However, the alpha-reader rarely gets second/third/fourth drafts (if they occur) because they've already seen the first draft. (I show them new chapters, but not every revision.) So they get a first draft and then usually a copy of the final MS to read if they want to. But, I'll also say that my first drafts are usually fairly clean spelling/grammar-wise. Sometimes the plots are a mess, but the prose itself is not particularly difficult to read. When I was still in my early stages of writing and had issues with writing cleanly, I did not show folks first drafts because that would have been a waste of their time.
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  10. #10
    practical experience, FTW Justobuddies's Avatar
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    I will cherry pick selections for an alpha read. Mostly when I want people to read it, it's because I have an overarching question such as: "does this idea work?" or "Is the voice I'm using appropriate for the scene?"

    I used to let my spouse and family be my alpha readers, but I found as I got their feedback I was revising before the writing was done. Now I don't even like to write when other people can read it over my shoulder. I have gotten paranoid that I'll hear them make some kind of little noise when they catch a run on, or sentence fragment. Maybe that "huh interesting" means they just got to a huge world building info dump that I know will get cut, but exists because I, as the writer, need to know that information.

    I know myself, if an idea isn't in writing, it doesn't exist so my draft is full of bracketed notes to myself some of the following are in my WIPs:
    [Consider changing this character's gender]
    [Does MC need a love interest?]
    [Come up with song lyrics to a song about the forest]
    [Insert meaningful quote about the pointlessness of violence]
    [Need a common name for magical realms here]
    [Best Friend, needs name]

    I don't mind sharing the notes themselves, Some of these questions turn into threads on this forum. Someone reading the draft, they'll want to offer their thoughts on it, and suddenly it's a conversation topic about the entire direction of the story and becomes a collaboration. Not that there's anything wrong with collaborative work, just if I'm writing something there's a vision I have of what story I want to tell and a surprise collaboration may pull me away from it.
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  11. #11
    New Fish; Learning About Thick Skin RoseDG's Avatar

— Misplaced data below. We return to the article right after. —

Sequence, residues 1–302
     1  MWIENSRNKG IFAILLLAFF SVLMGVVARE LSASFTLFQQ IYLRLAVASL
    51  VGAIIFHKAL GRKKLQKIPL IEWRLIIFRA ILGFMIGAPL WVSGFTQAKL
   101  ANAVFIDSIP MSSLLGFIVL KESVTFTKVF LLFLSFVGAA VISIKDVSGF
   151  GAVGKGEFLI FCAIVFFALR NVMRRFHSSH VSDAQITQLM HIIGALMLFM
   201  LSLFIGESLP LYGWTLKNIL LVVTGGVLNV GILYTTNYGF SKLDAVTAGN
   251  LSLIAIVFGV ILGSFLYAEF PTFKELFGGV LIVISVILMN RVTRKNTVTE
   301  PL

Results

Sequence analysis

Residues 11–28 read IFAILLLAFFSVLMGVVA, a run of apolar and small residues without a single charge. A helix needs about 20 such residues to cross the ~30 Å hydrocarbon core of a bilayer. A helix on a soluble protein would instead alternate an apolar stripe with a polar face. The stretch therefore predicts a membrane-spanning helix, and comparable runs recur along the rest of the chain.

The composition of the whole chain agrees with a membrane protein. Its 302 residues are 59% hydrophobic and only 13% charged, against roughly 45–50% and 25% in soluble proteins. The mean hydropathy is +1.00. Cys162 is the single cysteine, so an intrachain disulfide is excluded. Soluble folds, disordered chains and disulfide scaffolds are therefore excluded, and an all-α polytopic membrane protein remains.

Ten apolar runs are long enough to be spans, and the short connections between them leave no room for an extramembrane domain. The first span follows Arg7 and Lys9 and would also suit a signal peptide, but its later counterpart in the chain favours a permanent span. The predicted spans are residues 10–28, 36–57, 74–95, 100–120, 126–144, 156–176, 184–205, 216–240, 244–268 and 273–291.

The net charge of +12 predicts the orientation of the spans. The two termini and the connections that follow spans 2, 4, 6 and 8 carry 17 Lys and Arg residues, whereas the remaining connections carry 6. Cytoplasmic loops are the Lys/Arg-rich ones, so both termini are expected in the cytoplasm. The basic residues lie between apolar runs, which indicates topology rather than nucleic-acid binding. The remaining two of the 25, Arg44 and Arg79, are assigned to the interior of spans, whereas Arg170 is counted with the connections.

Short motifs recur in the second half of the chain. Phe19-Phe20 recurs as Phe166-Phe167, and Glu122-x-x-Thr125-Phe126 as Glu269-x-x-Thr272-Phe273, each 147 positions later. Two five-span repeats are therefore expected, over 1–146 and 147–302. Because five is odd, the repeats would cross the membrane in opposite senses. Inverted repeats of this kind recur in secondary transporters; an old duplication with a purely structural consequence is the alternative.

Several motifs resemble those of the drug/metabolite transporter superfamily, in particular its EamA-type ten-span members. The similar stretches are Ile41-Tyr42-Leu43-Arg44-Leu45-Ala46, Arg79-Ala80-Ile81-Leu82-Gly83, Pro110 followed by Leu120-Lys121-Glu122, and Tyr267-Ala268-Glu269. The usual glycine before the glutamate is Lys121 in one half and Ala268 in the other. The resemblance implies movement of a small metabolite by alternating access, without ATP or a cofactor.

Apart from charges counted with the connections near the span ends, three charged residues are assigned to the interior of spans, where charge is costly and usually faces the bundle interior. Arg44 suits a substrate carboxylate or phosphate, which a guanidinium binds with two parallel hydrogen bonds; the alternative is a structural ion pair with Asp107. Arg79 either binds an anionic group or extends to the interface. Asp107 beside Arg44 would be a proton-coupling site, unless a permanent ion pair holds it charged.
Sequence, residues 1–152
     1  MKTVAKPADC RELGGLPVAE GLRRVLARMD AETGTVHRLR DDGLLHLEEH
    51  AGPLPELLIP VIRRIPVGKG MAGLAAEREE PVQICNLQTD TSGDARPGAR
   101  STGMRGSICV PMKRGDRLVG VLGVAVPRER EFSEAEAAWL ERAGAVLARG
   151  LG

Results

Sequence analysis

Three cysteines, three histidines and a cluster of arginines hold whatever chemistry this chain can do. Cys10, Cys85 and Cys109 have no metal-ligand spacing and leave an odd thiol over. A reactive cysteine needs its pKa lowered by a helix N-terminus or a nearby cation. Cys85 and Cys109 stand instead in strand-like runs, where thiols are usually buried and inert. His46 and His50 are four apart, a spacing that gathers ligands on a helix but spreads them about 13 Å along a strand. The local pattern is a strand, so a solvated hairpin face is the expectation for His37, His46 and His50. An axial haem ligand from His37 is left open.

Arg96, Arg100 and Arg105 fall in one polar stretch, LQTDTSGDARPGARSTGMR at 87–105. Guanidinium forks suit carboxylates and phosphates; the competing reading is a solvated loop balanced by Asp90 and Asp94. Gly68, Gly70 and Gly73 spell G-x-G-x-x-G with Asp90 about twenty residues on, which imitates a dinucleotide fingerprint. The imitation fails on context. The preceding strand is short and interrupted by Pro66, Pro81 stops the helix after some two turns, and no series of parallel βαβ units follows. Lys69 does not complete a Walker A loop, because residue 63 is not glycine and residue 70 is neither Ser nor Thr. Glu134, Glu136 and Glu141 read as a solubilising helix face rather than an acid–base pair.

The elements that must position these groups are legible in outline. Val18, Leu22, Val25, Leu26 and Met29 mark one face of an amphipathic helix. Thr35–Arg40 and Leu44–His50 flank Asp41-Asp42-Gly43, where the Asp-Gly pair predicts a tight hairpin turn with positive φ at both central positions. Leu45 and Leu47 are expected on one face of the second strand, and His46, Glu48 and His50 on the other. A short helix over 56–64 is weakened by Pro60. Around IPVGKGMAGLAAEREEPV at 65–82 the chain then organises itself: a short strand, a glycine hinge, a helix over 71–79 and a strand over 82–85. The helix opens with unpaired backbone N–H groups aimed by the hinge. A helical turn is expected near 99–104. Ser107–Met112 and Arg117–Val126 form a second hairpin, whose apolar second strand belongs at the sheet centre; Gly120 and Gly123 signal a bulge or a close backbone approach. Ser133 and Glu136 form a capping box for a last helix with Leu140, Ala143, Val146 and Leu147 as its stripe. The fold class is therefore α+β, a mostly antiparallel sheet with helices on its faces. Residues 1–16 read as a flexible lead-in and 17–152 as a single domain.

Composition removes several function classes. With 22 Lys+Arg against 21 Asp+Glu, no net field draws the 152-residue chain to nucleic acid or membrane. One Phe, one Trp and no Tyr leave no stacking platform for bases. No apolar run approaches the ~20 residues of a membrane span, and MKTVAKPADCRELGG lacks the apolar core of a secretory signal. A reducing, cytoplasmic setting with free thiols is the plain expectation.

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    No, never. It would be like being naked in public, if you know what I mean.

  12. #12
    practical experience, FTW LJD's Avatar
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    I would never let someone read one of my first drafts. Usually I get the structure more or less right in the first draft, but on a line-to-line basis, the writing is ugly and would probably be very distracting. Unless I can dramatically improve the quality of my first drafts, I wouldn't show them to anyone, though I might bounce ideas off people, including my husband. He's never read anything I've written, but I do talk to him about my writing.

  13. #13
    Get a warrant Helix's Avatar
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    no no no no no no no no NO

    Never a first draft. My first draft is disjointed, full of threads that go nowhere, and constructed entirely of what I like to think of as literary scat singing, but is closer to the sort of scat that foxes leave behind.


  14. #14
    practical experience, FTW Morri's Avatar
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    I'm doing it right now, lol. I have no issues with it! I've discovered that having someone else who I know I will have to send something to actually ensures that I'll stick to a somewhat consistent writing schedule. I don't have any shame when it comes to the plot or whatever because it is a first draft, and there's going to be issues. I have an editing system for each chapter and I make it as clean as I can before sending it, because that's what works for me. Plus by critting my writing buddy's work, I'm getting valuable experience that I can apply to my own as well! Win-win situation

  15. #15
    practical experience, FTW Clovitide's Avatar